Though a 100% inclusion is rarely possible, it shouldn’t deter architects or designers to strive for the ultimate through iterations of their design
The novel coronavirus disease (COVID-19) has disrupted the normal as we knew it. As the humankind tries to navigate through the chaos and confusion brought upon the miscroscopic virus, the situation appears to be particularly bleak for person with disabilities.
Accounts of several people from the community have reaffirmed how flawed design remains entrenched in our social and infrastructural fabric. It has pointed to how the fear of the virus has made people from the community nearly invisible.
One of them said: “One day I needed to cross the road on my way to a bank. I was surprised that though I asked for help, no one came forward. My city was not like this before the lockdown. Then I realised everyone wants to keep physical distance.”
Another said he could not reach the taps to wash his hands because they were placed too high in his office.
“I usually took some help from my colleague. But how is it possible now? Will anyone touch me after lockdown gets over?” he said.
Another person wrote on social media: “I am hard of hearing but do not follow the Sign Language. I understand by following lip-movement of other people when they speak. Everyone [is] wearing masks these days. Few disability groups [are] selling transparent masks. But majority are not using them. I am unable to even go and buy medicines for myself as I cannot communicate with people (sic)”.
Unlike the majority of the able-bodied population, people with disabilities need to put in a great deal of effort to plan simple, daily errands. Rather than assuming that a location or environment will accommodate them, they have been compelled to believe that it probably won’t.
These problems point to the difficulty of accessibility. It is because our approach to dealing with our surroundings is exclusive. The pandemic has presented us with a sharp clarity on the need of inclusivity in design.
The problem wouldn’t have acquired its magnanimous proportion if architects had followed the ‘Universal Design’ proposition, where products and environments are designed keeping the whole population in mind. Thus, instead of putting the burden of ensuring accessibility on the person who needs it, the design itself accommodates their needs and allows them to be self-sufficient.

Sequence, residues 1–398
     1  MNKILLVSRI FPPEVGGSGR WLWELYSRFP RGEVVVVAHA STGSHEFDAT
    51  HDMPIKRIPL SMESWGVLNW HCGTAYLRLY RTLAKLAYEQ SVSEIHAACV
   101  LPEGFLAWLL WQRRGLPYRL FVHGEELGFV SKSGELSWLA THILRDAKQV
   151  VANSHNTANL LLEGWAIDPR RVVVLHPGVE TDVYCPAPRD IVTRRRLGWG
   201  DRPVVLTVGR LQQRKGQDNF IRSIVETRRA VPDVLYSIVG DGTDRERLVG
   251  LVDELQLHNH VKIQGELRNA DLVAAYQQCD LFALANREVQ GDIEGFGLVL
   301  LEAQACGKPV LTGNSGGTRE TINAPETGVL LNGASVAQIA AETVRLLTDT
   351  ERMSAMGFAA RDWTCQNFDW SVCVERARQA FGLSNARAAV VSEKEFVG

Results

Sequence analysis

But what exactly is Universal Design? It is a concept or proposition in which the design of products, environments, programmes and services is conceived and executed so that it can be used by everyone to the greatest extent possible, without the need for adaptation or specialised design. It applies to assistive devices, including advanced technologies for particular group of persons with disabilities.
Ron Mace, a renowned architect, conceived the term. He founded the Centre for Universal Design at North Carolina State University at Raleigh in 1989. In 1997, a committee of 10 under his leadership came up with the seven principles of Universal Design:
Prior to the development and acceptance of the Universal Design concept, the only usability criteria available were those stated in the codes and standards such as those outlined in the Americans with Disabilities (ADA), which provide only the minimum requirements to accommodate disabled individuals, but didn’t adequately address the principles of Universal Design.
The Rights of Persons with Disabilities Act [RPD], 2016 mandates that all services / buildings / roads should be accessible to persons with disabilities. Though a 100 per cent inclusion is rarely possible, it shouldn’t deter architects or designers to strive for the ultimate through iterations of their design.
It can be said that Universal Design improves access and outcomes for everyone in a variety of situations. Curb cuts and power-assisted doors are necessary for people with mobility impairments. They also help a parent pushing a child in a stroller, a worker transporting items in a cart or a person carrying a heavy load.
Captions are necessary for those who are hard of hearing to access information conveyed by audio. It also benefits anyone who wants to watch a documentary or video in a quiet environment without disturbing others.
Users tend to have an increased comprehension of information when captions / sub-titles are provided. A student once expressed the need for captions with online lectures. She is not hard of hearing, but feels it is easier to grasp the lessons.
For a majority of people who identify themselves as deaf or hard of hearing, online education has brought in additional barriers.
A website designed with headings and well-organised content is easier to follow and is visually appealing. This is applicable to general public. But for those who have visual impairments, web-accessibility brings in specific challenges.
Rights of Persons with Disabilities Act as well as rules under the same have made specific recommendations so that all websites follow a certain standard. For example, Section 15 of the RPD rules says “documents to be placed on websites shall be in Electronic Publication (ePUB) or Optical Character Reader (OCR) based pdf format”.
A majority of our interactions have gone online, and yet several people with visual impairments have been complaining about service providers such as banks, financial companies, or even applications that help in home-delivery of grocery or food items.
It took some time for the world to coin the term ‘the new normal’ in the wake of COVID-19. Instead of ‘normal’, why can’t we opt for a ‘universal’ re-design of the post COVID-19 world?
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